Secure Java Connections by Default

MySQL Connector/Java 5.1.38 was released earlier this week, and it includes a notable improvement related to secure connections.  Here’s how the change log describes it:

When connecting to a MySQL server 5.7 instance that supports TLS, Connector/J now prefers a TLS over a plain TCP connection.

This mirrors changes made in 5.7 to the behavior of MySQL command-line clients and libmysql client library.  Coupled with the streamlined/automatic generation of TLS key material to ensure TLS availability in MySQL Server 5.7 deployments, this is an important step towards providing secure communication in default deployments.


This is easy to demonstrate – just take a TLS-enabled MySQL Server 5.7 deployment, and connect a Java application to it.  Try once with Connector/Java 5.1.38, and again with an earlier version.  No configuration is required – the result using the 5.1.38 version of the driver results in a TLS connection.  Here’s a sample program:

String URL = "jdbc:mysql://localhost:3306";
Properties props = new Properties();
props.setProperty("user", "root");
Connection c = DriverManager.getConnection(URL, props);;
ResultSet rs = c.createStatement().executeQuery("SHOW SESSION STATUS LIKE 'Ssl_cipher_list'");
System.out.println("Enabled cipher suites:");
while ({
rs = c.createStatement().executeQuery("SHOW SESSION STATUS LIKE 'Ssl_cipher'");
System.out.println("Cipher suite in use:");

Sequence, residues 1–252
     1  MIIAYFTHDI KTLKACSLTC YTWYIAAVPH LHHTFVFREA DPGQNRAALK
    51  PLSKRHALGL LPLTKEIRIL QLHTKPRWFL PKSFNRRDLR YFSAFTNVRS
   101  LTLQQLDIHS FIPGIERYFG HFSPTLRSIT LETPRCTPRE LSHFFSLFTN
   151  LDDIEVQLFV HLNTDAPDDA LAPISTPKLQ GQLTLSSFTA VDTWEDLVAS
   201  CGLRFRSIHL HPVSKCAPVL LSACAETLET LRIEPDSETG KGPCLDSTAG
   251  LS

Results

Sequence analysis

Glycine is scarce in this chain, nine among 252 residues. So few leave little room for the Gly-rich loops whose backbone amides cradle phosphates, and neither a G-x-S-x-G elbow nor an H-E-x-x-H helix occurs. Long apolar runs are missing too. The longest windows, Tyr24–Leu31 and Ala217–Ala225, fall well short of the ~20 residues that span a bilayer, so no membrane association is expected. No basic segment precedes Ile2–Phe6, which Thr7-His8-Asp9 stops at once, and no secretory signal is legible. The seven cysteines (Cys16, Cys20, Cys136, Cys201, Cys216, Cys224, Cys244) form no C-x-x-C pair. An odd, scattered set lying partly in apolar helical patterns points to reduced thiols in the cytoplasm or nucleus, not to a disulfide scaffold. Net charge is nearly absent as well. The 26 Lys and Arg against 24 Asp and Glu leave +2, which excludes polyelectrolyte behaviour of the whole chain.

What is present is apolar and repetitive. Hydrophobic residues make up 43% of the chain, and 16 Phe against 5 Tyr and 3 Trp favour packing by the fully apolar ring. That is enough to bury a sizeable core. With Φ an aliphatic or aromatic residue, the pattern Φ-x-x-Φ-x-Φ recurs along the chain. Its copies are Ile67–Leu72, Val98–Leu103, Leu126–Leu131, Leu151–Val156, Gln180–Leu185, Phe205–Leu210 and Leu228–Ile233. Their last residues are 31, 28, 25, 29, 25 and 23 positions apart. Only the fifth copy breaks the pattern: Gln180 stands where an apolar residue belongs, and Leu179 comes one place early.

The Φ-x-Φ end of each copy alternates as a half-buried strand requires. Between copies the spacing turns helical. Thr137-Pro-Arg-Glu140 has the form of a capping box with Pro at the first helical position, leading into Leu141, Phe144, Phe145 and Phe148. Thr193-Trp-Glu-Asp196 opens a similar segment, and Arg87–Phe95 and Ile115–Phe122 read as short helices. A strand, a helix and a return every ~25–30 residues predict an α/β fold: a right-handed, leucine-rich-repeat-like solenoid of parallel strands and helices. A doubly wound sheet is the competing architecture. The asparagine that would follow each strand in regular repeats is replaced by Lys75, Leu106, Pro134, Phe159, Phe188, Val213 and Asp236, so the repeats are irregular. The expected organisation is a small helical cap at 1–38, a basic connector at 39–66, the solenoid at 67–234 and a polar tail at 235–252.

while ({

When referencing Connector/Java 5.1.38 and pointed at MySQL Enterprise Server 5.7.10, the output looks like the following:

Enabled cipher suites:
Cipher suite in use:

Using an earlier version of Connector/Java, the results will be empty, indicating no SSL/TLS is in use for the connection.


It’s important to note that this default use of TLS does no identify verification – it simply ensures that the bytes written to the network are encrypted.  Truly secure connections require knowing that Connector/Java is exchanging information with the server you expect it to, and not some active man-in-the-middle attacker that’s impersonating the server.  This means configuring Connector/Java with the necessary certificates to validate the server identity – a process that still requires action during application deployment.  The excellent MySQL reference manual provides guidance on how to accomplish this task.

As shown in the example above, the default cipher suite selected is AES128-SHA256, which is part of the TLSv1.2 specification.  Support for various TLS versions differs based on the JRE version used.  Make sure you know the capabilities of the JDK you are using before restricting specific TLS versions.  When first running the test above, Eclipse was using JRE 1.6.0_45 instead of JRE 1.8.0_65 I expected, and was connecting using TLSv1.0 ciphers.  When MySQL Server was configured to only allow TLSv1.1 and TLSv1.2, I received the following Exception:

Caused by: Unsupported record version Unknown-0.0

Usage of older JREs should be assessed before disabling TLSv1.0 – fortunately, PERFORMANCE_SCHEMA makes it easy to survey client JREs without having to inspect every application server.


The combination of MySQL Server 5.7 and Connector/Java 5.1.38 help protect your data in transit, and limit the amount of configuration required to benefit from secure connections.  Some configuration is still required for protection against active network hackers, and care should be exercised before disabling TLSv1.0, as some older Java versions lack support and connections may fail as a result.

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